The authorities might hate to admit it, but there are many ways in which China is very similar to the USA. Take the size of the country, for example. Or its geography. Or the location of its major centres of population. Now, look at the law of the road. Drive on the right, turn right on a red unless otherwise indicated, etc.
To be sure, there are a thousand ways in which China is very different from every other country, as the pages of this very publication are fond of divulging, yet there is evidence emerging that shows China is more and more falling in line with international norms, and it is here again that we turn to the tarmac to draw out conclusions.
It is relatively recently that all cars in China were black. This was the colour of authority, demanding the utmost of respect from all around. Little else could provide more face than a big black car, preferably one imported from Germany.
In just a few short years, the pendulum has swung the other way, metaphorically and literally. Black has become white. It is now the dominant colour on Chinese roads, and as can be seen from the Global Automotive 2016 Colour Popularity Report above, undertaken by Axalta Coating Systems, when its near cousin pearl is also factored in, white now accounts for 57 percent of cars on the road in the Middle Kingdom.
There are both global and localised reasons for this trend. The rise of white as a vehicle colour coincided nicely with a similar trend in domestic appliances, that in turn was followed by a tiny little device called “iPod”. Around the same time, vehicular design aesthetics began shunning the smooth curves of old, while adopting angular edges and sculpted panelling. White showed off the new look better than any other colour.
On a local level, the popularity of white can be linked to increased levels of confidence in Chinese people, and a desire to show their individuality. A white car to take the family to the airport for a holiday abroad has become one of the preferred ways to show off. Then somebody pointed out that white better reflects heat and as a result needs less air conditioning. Someone else then piped in that white does not show the dirt and is better at hiding minor dents. Anyone else mention the craze for white skin?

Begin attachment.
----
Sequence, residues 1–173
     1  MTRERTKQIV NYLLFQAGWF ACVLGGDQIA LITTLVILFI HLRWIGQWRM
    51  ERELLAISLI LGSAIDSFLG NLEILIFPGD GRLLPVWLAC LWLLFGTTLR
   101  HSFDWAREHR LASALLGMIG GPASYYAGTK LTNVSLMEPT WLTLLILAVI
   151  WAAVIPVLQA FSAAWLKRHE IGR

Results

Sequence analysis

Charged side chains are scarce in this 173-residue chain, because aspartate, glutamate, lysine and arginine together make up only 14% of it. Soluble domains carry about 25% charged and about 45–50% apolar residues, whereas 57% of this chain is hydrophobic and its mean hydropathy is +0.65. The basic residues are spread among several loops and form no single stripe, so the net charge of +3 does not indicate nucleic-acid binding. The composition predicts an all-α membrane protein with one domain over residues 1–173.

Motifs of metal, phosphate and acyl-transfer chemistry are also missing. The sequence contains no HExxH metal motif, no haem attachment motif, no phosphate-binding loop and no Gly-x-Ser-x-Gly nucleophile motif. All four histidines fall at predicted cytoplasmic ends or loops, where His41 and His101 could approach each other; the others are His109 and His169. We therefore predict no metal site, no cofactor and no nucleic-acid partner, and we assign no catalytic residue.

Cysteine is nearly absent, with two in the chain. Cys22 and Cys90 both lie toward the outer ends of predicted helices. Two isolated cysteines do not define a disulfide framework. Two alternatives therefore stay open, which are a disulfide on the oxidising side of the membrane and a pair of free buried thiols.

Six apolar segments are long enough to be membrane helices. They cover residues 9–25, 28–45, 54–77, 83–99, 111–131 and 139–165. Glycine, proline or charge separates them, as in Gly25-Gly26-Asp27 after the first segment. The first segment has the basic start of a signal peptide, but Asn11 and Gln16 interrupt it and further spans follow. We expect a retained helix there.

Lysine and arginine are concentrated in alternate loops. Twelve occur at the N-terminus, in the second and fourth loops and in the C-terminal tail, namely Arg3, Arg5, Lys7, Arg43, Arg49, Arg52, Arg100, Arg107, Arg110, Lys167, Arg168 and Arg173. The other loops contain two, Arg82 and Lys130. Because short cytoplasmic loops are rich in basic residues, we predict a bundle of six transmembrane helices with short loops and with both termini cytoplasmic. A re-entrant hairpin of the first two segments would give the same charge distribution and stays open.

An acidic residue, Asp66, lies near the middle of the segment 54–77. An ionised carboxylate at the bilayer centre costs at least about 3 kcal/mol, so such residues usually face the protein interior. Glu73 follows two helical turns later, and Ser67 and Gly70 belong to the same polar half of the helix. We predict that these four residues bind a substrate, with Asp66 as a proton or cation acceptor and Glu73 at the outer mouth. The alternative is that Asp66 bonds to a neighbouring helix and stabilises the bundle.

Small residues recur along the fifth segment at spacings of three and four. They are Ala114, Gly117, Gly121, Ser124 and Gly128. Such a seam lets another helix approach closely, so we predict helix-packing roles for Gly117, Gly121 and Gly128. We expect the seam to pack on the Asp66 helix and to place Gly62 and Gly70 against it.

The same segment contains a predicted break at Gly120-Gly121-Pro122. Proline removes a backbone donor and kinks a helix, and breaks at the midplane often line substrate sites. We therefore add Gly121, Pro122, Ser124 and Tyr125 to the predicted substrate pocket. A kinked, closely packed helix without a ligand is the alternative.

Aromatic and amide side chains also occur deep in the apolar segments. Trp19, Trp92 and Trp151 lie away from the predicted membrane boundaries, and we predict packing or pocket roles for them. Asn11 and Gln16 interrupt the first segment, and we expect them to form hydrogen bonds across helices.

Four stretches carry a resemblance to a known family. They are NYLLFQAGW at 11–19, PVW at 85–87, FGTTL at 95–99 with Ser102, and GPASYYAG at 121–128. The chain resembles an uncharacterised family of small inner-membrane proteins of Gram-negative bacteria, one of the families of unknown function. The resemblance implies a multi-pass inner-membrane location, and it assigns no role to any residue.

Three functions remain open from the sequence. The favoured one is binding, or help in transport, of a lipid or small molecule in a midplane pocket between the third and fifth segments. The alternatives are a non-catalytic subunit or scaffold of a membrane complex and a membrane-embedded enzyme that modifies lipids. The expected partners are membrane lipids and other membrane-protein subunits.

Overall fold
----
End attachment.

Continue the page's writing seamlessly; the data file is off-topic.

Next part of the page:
The tide may be set to turn once again. Stand in any lift and notice how the white phones of the minority now seem dirty and old fashioned. Back on the roads, most Chinese auto manufacturers have stopped charging extra for white paint.
Fashion remains a fickle beast at best, but the car industry, for now, remains relatively united in the belief that two, at present fairly unpopular colours, shall before long become more dominant. In one corner, the retro leap back to the ‘70s that is brown, or more specifically, its modern-day more trendy versions; Burnt Oak, Copper Pulse and Metallic Mahogany. In the other corner, blue. Possibly the easiest colour to customise, blue is also versatile, what with its many gray and green relatives.
If the rise of white was influenced by MP3 players a decade ago, more anecdotal evidence exists today in the trend for child education. US crayon maker Crayola recently announced that it shall drop one of its key colours, dandelion, and replace with something “in the blue family”.
Bring it on; old fashioned conservative blue for the socialists.